Late Summer Conference Report
byon September 29, 2017
I’ve been traveling quite a lot recently and have had the good fortune of participating in some dynamite conferences. Often we’re so busy with our work and travel that we aren’t able to make the time to report on it properly, which results in a lot of our acomplishments and activities happening silently1. August’s travel was intense, and while my inbox backlog continues to be a bit unnerving, I’ve got to tell you about where I’ve been before September is completely over too!
GUADEC: GNOME’s 20th Birthday!
As many readers probably know, I’m an enthusiastic user and fan of GNOME. And, as the former Executive Director of the GNOME Foundation, I was so thrilled when I was invited to give a keynote speech at the annual main GNOME conference, GUADEC. Given that this year is GNOME’s 20th birthday, it was a special year to be able to participate in the conference.
GUADEC was invigorating. With Ubuntu returning to GNOME and the success of Endless and other commercial initiatives around GNOME, the GNOME community is optimistic and focused on the future. There were many new contributors but also a great showing amongst folks who have been around the community for a long time.
My talk focused on the personal ethical responsibilities of free software contributors and how GNOME contributors can engage in the process of steering our technology in the direction of transparency and security. While I wasn’t intending to talk about medical devices very much in my talk, for a majority of the audience this was their first GUADEC or free software conference and the topic came up to illustrate some of my main points. As a society we’re building our critical infrastructure on proprietary software, entrusting single companies with some of our most important information and interactions. I strongly believe that we need technologists to stand up for ethical technology now, especially within the companies that are producing it. I recommended that contributors engage with management to discuss the long term business advantages of doing the right thing. As it turned out, there were also several young attendees in the audience who have implanted medical devices so it was a great opportunity to connect. Over time, these issues will impact more and more people.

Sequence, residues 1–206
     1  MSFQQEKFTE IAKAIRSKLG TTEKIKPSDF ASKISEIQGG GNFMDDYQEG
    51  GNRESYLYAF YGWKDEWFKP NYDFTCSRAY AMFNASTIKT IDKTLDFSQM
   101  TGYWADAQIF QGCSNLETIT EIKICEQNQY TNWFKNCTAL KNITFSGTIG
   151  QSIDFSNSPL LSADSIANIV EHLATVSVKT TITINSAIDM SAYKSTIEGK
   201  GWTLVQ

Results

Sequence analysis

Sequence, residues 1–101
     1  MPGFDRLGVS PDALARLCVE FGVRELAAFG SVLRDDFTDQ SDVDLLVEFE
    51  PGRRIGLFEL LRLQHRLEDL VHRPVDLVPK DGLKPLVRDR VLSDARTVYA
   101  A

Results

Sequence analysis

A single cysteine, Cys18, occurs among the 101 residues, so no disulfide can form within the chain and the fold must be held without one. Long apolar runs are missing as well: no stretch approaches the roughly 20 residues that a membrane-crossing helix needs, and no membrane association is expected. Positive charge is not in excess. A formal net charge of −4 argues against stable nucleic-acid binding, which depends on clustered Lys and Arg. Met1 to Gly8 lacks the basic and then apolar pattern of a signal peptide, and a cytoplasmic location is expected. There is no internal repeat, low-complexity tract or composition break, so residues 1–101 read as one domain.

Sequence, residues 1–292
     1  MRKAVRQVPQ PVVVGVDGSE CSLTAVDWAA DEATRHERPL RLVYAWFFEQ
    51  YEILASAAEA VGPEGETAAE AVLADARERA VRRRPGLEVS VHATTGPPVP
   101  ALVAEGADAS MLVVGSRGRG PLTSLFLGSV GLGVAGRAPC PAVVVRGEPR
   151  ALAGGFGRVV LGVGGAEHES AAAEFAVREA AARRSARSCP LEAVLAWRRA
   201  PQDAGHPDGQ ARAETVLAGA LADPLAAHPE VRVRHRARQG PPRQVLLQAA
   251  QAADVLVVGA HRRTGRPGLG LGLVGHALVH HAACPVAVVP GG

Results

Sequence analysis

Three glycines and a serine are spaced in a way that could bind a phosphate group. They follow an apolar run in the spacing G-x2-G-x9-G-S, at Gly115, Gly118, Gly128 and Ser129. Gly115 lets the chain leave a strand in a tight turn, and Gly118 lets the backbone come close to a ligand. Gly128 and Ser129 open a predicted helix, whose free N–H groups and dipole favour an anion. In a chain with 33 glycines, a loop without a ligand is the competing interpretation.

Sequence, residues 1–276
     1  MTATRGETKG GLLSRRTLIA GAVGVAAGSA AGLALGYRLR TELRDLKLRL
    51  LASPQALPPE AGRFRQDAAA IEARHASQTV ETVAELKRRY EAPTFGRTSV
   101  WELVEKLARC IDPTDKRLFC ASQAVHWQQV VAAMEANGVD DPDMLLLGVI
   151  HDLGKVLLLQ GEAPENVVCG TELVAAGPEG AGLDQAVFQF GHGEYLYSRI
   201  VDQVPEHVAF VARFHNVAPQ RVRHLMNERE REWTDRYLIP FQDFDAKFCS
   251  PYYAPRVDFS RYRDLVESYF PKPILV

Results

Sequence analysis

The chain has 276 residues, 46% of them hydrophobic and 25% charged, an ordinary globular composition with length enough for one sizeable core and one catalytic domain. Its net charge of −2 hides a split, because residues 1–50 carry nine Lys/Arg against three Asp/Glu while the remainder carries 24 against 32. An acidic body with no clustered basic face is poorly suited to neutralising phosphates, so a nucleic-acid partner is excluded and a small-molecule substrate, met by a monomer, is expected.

I was excited to see Neil McGovern, the GNOME Foundation’s new Executive Director, in action. After I moved to Conservancy, I served on a Hiring Committee to help the Foundation find the right person for this role. There were many very impressive candidates, but Neil was the stand out. Neil gave an inspiring freedom-focused talk, revealing the great job he’s already doing.
There was also a big party for GNOME’s 20th birthday which was a lot of fun. I moderated a panel on the history of GNOME, and learned a lot of fun tidbits about GNOME’s past! I was also excited to see the “Pants Award” go to Bastian Ilso, who puts together awesome videos for GNOME releases (and ropes me into doing the voiceovers too).
Soon after I got back from GUADEC it was time to head to DebConf. I could only make it for part of DebConf, which definitely left me wishing I could have been there for the whole time.